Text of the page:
With a traditional rowing machine, you are working 86% of your muscles with each stroke. And while the standard anatomy of that row is a four part ‘catch, drive, finish, and recover,’ at LIT we have shifted our focus from the traditional row to offering more innovative variations that work out 100% of your muscles.
In fact, what ultimately sets our method and machine apart from the pack are LIT’s 10 signature rowing variations. These movements provide the foundation for the strength training portion of our rowing classes, and are ultimately broken down into three parts: LEGS, CORE, and ARMS.
If you’ve taken my class, you’ve likely heard me say these three words more than a few times — and that’s because thinking of rowing with this trio at the top of mind not only builds muscle, but builds it with a drastically reduced risk of injury.
And — BONUS! — LIT’s unique adjustable water resistance levels allow you to increase the weight and tension. With one turn of the nob, you can move from 10LBS to 40LBS of LIT LEVELS for any variation.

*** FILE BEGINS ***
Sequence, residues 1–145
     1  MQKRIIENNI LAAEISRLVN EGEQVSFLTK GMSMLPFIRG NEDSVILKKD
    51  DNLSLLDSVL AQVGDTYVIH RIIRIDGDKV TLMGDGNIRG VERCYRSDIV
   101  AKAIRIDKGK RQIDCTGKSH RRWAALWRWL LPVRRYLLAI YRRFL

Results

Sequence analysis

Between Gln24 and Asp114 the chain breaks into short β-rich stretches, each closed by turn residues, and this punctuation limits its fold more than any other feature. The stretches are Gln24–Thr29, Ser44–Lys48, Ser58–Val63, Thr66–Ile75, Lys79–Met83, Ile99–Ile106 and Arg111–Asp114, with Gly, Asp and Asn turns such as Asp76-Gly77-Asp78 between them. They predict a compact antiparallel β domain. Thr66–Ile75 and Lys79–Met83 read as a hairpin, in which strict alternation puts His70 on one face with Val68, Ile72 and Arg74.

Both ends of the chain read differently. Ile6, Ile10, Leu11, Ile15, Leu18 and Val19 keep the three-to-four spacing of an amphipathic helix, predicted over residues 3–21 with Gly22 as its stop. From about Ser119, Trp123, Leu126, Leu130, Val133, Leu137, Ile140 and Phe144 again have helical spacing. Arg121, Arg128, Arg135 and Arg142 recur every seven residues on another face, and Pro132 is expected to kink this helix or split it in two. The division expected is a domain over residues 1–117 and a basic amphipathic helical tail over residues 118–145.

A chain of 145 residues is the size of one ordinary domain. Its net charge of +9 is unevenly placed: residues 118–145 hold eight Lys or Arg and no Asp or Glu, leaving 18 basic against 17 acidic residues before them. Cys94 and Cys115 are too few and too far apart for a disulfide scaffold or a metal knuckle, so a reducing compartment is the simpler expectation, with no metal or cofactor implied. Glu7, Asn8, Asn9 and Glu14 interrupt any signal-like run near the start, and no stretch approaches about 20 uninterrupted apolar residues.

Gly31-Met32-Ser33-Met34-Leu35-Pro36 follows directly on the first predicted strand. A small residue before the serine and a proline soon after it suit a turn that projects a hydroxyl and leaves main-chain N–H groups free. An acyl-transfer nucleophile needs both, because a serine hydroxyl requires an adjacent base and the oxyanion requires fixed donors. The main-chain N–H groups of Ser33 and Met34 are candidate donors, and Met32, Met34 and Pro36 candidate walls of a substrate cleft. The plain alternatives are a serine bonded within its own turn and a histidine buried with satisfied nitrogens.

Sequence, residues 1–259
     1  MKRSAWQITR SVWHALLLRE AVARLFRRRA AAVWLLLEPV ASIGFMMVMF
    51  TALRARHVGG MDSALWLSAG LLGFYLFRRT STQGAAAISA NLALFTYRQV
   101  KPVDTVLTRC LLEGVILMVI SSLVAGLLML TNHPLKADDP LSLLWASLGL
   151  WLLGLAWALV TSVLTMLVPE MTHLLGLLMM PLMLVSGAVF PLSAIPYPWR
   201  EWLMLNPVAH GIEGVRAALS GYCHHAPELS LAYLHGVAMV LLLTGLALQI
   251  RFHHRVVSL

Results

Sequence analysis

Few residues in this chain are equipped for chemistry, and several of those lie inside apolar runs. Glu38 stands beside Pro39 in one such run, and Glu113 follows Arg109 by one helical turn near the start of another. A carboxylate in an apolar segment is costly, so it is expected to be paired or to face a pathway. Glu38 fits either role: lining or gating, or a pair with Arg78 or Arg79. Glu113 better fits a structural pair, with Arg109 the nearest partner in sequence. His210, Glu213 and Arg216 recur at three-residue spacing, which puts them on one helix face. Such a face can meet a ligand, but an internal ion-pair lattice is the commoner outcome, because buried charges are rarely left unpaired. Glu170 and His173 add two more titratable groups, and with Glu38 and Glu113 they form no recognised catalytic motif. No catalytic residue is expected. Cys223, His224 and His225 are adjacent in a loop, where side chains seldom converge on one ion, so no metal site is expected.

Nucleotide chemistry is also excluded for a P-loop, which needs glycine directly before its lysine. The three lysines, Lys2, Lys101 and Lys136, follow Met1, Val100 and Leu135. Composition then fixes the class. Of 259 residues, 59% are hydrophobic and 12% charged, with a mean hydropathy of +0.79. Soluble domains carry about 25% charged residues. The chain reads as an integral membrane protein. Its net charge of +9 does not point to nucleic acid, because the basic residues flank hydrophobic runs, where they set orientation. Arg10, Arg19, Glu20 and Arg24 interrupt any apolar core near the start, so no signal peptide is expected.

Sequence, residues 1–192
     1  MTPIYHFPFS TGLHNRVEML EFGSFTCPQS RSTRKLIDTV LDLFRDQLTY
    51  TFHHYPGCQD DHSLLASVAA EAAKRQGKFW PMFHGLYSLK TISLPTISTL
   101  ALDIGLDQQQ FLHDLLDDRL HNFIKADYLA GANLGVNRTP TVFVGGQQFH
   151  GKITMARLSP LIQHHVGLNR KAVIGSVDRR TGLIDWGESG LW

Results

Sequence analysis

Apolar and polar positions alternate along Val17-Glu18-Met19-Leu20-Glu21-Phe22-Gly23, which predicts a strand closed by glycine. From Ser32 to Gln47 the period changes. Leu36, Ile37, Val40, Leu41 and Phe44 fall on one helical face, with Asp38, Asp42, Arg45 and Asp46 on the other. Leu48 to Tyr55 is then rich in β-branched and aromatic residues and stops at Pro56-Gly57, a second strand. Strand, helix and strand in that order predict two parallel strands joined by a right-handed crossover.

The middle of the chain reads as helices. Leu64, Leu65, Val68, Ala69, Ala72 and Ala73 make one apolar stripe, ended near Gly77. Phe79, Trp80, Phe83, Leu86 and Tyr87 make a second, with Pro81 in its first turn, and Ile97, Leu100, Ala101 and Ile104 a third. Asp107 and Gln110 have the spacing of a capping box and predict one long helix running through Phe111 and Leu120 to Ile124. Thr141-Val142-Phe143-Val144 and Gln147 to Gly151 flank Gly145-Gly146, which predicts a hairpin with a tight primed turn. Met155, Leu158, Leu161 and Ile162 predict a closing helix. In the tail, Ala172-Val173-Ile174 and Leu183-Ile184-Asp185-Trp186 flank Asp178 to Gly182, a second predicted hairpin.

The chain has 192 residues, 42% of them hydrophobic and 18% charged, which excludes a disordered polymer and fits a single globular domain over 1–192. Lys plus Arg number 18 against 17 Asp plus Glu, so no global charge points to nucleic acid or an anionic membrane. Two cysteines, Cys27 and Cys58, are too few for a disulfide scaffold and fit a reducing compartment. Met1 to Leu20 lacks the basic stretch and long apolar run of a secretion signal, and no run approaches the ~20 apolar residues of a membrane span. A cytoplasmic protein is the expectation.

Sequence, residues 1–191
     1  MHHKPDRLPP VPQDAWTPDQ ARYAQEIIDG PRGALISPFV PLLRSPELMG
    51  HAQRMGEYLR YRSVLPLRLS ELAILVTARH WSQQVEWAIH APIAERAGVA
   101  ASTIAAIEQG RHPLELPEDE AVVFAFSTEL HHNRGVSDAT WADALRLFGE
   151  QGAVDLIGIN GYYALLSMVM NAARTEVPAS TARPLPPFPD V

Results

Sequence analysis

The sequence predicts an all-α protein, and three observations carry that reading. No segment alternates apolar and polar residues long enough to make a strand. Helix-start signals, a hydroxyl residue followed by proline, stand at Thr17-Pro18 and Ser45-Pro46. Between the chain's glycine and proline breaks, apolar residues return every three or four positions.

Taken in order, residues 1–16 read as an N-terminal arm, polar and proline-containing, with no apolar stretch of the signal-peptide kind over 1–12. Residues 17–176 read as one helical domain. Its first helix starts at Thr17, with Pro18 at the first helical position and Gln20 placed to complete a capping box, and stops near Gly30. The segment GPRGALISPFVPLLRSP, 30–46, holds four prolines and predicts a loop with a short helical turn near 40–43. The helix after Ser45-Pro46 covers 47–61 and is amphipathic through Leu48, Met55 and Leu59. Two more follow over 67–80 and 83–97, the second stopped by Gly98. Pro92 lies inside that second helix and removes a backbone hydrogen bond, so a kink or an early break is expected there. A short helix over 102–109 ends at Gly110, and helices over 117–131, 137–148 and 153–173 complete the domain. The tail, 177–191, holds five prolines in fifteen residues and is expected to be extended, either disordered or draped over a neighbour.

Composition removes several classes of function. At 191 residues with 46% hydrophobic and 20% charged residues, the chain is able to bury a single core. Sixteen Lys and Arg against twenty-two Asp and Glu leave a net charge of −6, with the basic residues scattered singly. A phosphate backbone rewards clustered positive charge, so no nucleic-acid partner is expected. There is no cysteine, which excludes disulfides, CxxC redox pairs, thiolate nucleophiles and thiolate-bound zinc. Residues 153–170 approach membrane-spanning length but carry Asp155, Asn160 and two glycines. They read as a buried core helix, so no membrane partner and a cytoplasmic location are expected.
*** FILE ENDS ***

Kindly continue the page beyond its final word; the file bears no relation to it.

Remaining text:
I developed these variations, because I knew from experience that solely instructing with a traditional row would yield little more than traditional results.
So why settle for 86% when these 10 moves can get you 100% LIT?
1. LOW ROW — With a reverse, supine grip, and your legs extended, you will sit up tall and pull the handle in toward your low belly. Your rowing motion is reduced and you are able to seamlessly target your legs.
2. HINGE (SINGLE AND DOUBLE ARM) — If you’re typically doing lifts in the gym, you’re likely familiar with a hamstring bridge to bent over row combo. You can get that same workout by completing a hinge on the LIT Strength Machine. This simple movement requires you to keep your legs straightened, so you can row only with your arms. With your upper body at a 90 degree angle, you can then hinge forward with both hands on the handle and find the perfect stretch for your hamstrings. You can also do this with the handle in one hand and alternate to the other side.